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Home21 lessons for the 21st century By Yuval Noah HarariBook Summary21 lessons for the 21st century By Yuval Noah Harari

21 lessons for the 21st century By Yuval Noah Harari

21 lessons for the 21st century By Yuval Noah Harari

21 lessons for the 21st century By Yuval Noah Harari

My top 45 takeaways:


1. One of the driving factors for global political disillusionment is information overload.

2. Humans think in stories, and this is how political disillusionment can spread, leading to ideologies like fascism and communism.


3. The future is bright. We should not be worried about AI’s potential in the workplace and instead, see it as an opportunity.

4. These tools can help us move away from the mundane tasks people don’t want to do and allow us to spend more time improving society.


5. Elections are not about what we think but what we feel.

6. Despite clear flaws in democracies, most believe it is still better than all its alternatives.

7. Big data and AI have the potential to run the world in the future. If we can make decisions on education, work and society based on data, there is no need for democratic elections. We already rely on big data for personal finance, big business and war. So, it seems likely that political decisions are the next step.


8. Data is far more accessible than our current examples of resources. So, a future problem is understanding how best to regulate data ownership.


9. Technology has negatively impacted our more immediate connections and communities.


10. The future holds a single global civilization. We are already at a stage where we can contact almost anyone in the world.


11. There is a difference between benign patriotism and nationalism. Patriotism should be built on the idea that your nation is unique (which is true of all countries). It is when people start believing their nation is superior that issues arise.

12. The issue with nationalism is that these narrow beliefs bleed into their other worldviews.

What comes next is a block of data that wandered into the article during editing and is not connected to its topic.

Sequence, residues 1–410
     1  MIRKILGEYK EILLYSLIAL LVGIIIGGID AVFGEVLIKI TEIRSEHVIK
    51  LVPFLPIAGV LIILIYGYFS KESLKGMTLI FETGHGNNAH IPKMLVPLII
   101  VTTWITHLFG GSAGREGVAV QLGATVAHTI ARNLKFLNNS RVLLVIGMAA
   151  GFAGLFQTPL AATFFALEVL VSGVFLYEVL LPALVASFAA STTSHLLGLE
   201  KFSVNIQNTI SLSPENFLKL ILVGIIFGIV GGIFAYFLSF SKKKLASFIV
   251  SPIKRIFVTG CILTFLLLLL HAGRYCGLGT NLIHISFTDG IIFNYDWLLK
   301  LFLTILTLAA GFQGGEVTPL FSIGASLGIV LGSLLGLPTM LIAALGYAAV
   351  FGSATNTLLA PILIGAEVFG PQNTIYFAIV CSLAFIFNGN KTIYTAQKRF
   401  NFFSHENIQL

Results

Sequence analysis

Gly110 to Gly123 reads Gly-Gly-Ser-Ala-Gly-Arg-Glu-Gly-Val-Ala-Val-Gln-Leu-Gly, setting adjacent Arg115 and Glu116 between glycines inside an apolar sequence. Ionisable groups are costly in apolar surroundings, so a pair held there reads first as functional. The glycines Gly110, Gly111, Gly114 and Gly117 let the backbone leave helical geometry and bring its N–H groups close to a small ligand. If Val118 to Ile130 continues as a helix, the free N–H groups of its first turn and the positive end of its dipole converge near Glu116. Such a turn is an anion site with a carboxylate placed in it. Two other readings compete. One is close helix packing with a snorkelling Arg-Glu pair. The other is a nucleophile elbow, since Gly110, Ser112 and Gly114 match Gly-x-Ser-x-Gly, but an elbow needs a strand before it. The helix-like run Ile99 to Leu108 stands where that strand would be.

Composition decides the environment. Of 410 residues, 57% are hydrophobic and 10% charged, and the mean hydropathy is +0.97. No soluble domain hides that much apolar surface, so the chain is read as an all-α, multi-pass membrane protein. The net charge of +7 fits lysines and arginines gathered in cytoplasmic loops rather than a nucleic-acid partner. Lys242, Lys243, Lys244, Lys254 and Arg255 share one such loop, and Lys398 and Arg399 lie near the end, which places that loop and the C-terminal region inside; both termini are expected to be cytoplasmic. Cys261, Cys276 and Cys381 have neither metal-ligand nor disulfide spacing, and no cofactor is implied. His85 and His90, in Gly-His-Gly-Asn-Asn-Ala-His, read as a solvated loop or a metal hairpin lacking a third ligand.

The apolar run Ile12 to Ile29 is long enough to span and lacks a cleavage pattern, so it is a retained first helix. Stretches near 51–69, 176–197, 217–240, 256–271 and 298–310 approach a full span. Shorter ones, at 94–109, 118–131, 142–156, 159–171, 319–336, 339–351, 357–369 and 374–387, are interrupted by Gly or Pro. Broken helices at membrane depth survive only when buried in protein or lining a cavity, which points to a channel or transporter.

13. Freud was potentially correct when he claimed religion involves an obsession with minor differences. Religion allows the smallest differences to have a significant impact e.g. Eastern Orthodox and Western Christians split due to the inclusion/exclusion of the words “and the son” in a creed.

14. War between religions is not policy-based. Instead, it appears to be a combination of technical and identity problems.


15. Most people who are anti-immigration are so because they want to maintain their nation’s current culture.

16. To better understand anti-immigration people, we must accept that they might be culturists rather than racists.


17. The overreaction to terrorism poses a far greater threat than terrorism itself.

18. Globally, 25 thousand people die of terrorism and 7 million people die of air pollution annually. Despite this difference, terrorism produces considerably more fear and gains far more attention.

19. Solutions: Govts should make sure their actions against terror networks are relatively hidden, media must avoid hysteria on anything terror-related and all citizens must remember how uncommon terrorist acts are.


20. The prevalence of war has dropped considerably over the past few decades. This is partly due to our transition away from fighting over resources and toward fighting over knowledge.

21. People are happy to give away their most valuable asset—their personal data—in exchange for free email services and funny cat videos. It’s a bit like tribes who sold entire countries to European imperialists in exchange for cheap trinkets.


22. Humans naturally show humility.

23. So, there is no need to rely on a religious text or any other teachings to convince society they need to show humility. Society will naturally show humility without religion.